Israelis of All Ages Battle to Be Named Champion of Taki, the Nation's Favorite Card Game

Children, parents, grandmothers and grandfathers competed at the Lunada Children’s Museum in Be’er Sheva, before the final round in December. The game's inventor says that "Taki is the country’s darling."

Almog Ben Zikri
Almog Ben Zikri
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Families play Taki in Be'er Sheva, October 18, 2016.
Families play Taki in Be'er Sheva, October 18, 2016. Credit: Eliyahu Hershkowitz
Almog Ben Zikri
Almog Ben Zikri

The Feigel family was overjoyed at the news that Israel would be holding its first national championship tournament for one of the country’s favorite card games, Taki, over the Sukkot holiday. Imagine how thrilled they were to qualify at the games held at the Lunada Children’s Museum in Be’er Sheva, for the finals being held over Hanukkah.

“We’re a Taki family,” Aviv Feigel, 48, of the town of Gedera said after their victory at a game he and his son Yuval, 11, have been enjoying for years on Shabbat afternoons.

When asked about which one of them really wanted to enter the contest, Yuval points at his dad, who quickly jokes back that, yeah he signed them up, but it didn’t take much persuasion to get the boy to come along, too.

Hundreds of contestants have been competing since Tuesday in the preliminary round that wraps up on Monday. The Feigels are among 84 finalists who get to put their game skills to the test yet again at the competition’s finals being held over Hanukkah.

Many adults, grandparents, too, have entered the contest. According to competition rules, the oldest person at the table shuffles the deck, while the youngest plays first. Aside from that it’s all out war.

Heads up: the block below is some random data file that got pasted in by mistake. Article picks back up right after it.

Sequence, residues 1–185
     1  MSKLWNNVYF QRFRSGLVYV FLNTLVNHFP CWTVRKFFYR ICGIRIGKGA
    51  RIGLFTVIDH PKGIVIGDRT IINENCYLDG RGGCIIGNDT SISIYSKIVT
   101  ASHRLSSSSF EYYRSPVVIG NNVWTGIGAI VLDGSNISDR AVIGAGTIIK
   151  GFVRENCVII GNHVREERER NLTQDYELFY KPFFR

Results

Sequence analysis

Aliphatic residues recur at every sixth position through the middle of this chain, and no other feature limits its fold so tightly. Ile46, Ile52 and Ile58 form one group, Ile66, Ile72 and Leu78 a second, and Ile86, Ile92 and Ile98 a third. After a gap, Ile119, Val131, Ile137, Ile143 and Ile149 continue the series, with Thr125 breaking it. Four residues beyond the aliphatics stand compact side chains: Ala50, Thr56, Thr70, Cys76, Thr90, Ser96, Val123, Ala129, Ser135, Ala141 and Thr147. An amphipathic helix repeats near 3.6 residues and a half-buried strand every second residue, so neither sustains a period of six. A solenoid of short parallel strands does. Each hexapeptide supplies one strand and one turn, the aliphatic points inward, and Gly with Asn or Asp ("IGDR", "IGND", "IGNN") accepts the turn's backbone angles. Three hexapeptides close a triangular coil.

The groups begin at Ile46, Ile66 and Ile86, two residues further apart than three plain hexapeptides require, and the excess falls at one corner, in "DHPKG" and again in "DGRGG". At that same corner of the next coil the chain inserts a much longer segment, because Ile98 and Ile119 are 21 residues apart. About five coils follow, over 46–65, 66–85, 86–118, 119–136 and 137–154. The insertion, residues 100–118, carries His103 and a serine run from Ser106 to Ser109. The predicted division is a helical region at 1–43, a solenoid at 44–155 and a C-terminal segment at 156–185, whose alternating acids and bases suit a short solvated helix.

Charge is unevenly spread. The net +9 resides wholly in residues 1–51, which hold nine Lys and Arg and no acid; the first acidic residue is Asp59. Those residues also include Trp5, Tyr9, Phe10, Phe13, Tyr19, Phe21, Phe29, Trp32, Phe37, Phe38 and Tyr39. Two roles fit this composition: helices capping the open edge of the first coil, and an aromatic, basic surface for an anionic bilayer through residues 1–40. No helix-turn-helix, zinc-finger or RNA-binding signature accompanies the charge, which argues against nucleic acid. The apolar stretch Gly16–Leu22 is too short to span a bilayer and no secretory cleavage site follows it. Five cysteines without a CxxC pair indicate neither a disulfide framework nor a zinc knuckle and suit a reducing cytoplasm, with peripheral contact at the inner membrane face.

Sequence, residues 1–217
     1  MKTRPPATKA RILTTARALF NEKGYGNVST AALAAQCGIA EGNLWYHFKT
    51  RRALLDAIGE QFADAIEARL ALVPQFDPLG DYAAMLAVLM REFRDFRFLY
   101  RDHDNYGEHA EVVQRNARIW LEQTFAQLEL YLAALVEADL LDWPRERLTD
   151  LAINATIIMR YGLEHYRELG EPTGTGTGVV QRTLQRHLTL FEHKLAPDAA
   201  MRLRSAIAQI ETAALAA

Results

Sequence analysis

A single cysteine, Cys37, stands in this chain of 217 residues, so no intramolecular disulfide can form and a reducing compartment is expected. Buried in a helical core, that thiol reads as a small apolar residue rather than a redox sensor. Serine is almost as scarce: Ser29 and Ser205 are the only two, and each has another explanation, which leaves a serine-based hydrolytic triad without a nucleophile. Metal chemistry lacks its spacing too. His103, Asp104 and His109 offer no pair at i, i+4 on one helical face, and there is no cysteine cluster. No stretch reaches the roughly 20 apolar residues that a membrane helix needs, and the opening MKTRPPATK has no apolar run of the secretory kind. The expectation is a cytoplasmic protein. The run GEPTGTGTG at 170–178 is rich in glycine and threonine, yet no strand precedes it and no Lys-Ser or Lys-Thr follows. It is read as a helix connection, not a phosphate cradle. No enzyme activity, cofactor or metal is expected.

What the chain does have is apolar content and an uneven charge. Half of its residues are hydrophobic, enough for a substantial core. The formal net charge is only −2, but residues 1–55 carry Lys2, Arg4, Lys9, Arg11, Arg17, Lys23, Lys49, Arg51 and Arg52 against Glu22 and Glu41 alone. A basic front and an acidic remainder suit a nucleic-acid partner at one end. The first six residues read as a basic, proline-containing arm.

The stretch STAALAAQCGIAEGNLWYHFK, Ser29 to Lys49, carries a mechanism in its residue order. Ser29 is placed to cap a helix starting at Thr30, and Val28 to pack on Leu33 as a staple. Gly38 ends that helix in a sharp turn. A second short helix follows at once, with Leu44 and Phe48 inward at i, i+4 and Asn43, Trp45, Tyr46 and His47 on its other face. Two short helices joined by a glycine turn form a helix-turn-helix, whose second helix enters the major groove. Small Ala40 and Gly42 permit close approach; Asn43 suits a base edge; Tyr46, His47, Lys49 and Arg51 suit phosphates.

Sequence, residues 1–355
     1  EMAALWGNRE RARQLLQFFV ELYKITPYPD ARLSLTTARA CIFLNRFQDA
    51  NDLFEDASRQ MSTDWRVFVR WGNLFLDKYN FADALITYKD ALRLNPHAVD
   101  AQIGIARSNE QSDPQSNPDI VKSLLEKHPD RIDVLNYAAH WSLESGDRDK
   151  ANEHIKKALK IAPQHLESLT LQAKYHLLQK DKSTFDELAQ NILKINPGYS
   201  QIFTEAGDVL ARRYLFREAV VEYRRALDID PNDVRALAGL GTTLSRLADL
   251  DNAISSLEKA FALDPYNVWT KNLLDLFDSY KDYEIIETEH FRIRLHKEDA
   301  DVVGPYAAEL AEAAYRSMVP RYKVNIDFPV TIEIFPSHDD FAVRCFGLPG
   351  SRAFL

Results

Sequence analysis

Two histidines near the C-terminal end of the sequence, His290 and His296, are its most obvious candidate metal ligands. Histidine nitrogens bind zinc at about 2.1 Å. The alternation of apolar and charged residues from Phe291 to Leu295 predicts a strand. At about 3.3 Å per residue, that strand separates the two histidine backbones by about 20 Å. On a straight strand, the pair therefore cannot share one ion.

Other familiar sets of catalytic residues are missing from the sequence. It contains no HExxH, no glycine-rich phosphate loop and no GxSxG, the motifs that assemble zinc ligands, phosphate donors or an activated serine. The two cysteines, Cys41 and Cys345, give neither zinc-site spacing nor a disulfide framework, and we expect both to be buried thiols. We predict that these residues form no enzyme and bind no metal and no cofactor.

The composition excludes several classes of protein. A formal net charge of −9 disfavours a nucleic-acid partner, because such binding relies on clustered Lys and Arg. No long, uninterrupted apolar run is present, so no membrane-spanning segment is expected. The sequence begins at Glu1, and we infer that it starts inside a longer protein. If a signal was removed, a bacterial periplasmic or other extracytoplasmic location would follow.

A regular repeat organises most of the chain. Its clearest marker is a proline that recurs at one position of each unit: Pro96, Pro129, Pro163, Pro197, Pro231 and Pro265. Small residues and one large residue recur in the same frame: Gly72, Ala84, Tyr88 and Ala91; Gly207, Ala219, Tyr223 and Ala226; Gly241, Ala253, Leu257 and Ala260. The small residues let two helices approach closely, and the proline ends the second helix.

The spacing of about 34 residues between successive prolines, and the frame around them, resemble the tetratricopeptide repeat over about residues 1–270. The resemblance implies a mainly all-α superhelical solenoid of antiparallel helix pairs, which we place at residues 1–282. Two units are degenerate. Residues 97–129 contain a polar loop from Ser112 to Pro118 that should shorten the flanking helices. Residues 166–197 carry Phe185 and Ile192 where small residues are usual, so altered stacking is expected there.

This week’s contest has been played in several heats, from 10 A.M. through 4 P.M., from last Tuesday through next Monday, with a new round beginning every two hours. The players are divided into tables, with the winner at each table in the preliminaries moving on to the intermediate stage, and the winner from each table in the intermediate stage moving up to the finals. The winners of the preliminary finals held during Sukkot, move on to the finals held over Hanukkah.

The second heat began at noon, when Be’er Sheva native Yoram Ben Hamu competed against his children, Uri, 13, an easygoing introvert, and Daniel, 9, a child “who takes losing hard” as his father puts it, as Daniel tosses his bag in anger and storms out of the hall after losing.

“I’ve been taking the children to festivals for 10 years. At some point you learn to enjoy that, too. But this event, it’s nice that there’s an activity where parents take an active part,” Ben Hamu said. In effect, what begins as a clear separation between children and adults before the game begins, becomes a somewhat blurred line a few minutes later. It took 30 seconds into the game for an older woman contestant to summon the judge to ask whether a rival child’s move was legal. If the children thought the adults would let them win, this may be the stage where they get that they’ve mistaken.

There’s an unmistakable guest in the audience. Like a celebrity, Haim Shafir, the game’s inventor, visits all the tables. He takes pictures with excited parents and children, gives his autograph who whoever asks for it, consoles a child disappointed at being too young to participate. He takes the opportunity to let players know about another game that he’s invented. The Taki kingdom is his so it’s only natural for him to feel at home.

“Taki is the country’s darling, it’s very important to me that the event be dignified,” said Shafir, when asked why such a championship round has never before been held. He said that until now only shopping malls had expressed an interest in holding such an event, and he thought a museum setting was “very respectable, so I agreed.”

Shafir doesn’t deny that the success of Taki in the Israeli market, has been a high point for his career much the same as a one-time hit is for a singer.

“It’s totally clear to me that this is a bonanza. In other games sold in Israel, if you reach 10-15 percent of Taki’s sales it’s a hit,” he said, but added that another game of his called Piccolo has higher sales on the world market than Taki. He declined to reveal Taki’s annual sales.

Unsurprisingly, three children reached the final, and the winner was Adi, 10, a sharp girl from Kfar Harif. The runners up, also eligible to compete in the finals, were Eyal, 9, from Dimona, and Peleg, 11, of Gan Yavne.

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